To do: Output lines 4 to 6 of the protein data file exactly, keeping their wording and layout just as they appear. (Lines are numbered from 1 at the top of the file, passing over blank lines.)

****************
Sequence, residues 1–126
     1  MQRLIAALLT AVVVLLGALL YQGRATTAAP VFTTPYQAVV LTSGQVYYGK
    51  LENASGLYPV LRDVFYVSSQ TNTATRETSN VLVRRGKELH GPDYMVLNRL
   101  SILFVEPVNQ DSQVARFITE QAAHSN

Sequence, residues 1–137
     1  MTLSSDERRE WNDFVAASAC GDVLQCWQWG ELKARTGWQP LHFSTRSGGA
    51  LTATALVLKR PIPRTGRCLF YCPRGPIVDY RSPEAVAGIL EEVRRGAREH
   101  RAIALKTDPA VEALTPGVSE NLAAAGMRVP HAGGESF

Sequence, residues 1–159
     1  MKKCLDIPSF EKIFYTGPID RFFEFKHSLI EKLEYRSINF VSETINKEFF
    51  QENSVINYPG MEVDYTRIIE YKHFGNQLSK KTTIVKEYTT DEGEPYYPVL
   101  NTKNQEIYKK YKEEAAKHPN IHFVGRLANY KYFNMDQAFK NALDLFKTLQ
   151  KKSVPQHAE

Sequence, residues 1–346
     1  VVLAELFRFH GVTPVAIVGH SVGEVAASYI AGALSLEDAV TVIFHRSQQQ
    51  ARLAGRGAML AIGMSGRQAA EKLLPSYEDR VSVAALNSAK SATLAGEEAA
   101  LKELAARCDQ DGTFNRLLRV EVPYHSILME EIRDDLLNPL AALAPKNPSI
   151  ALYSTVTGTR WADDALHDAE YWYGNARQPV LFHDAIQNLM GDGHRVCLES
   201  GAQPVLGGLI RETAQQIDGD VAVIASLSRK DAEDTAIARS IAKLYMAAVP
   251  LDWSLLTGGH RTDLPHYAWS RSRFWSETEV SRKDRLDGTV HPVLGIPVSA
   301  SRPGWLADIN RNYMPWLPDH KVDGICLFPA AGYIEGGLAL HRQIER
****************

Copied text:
   101  SILFVEPVNQ DSQVARFITE QAAHSN

Sequence, residues 1–137
     1  MTLSSDERRE WNDFVAASAC GDVLQCWQWG ELKARTGWQP LHFSTRSGGA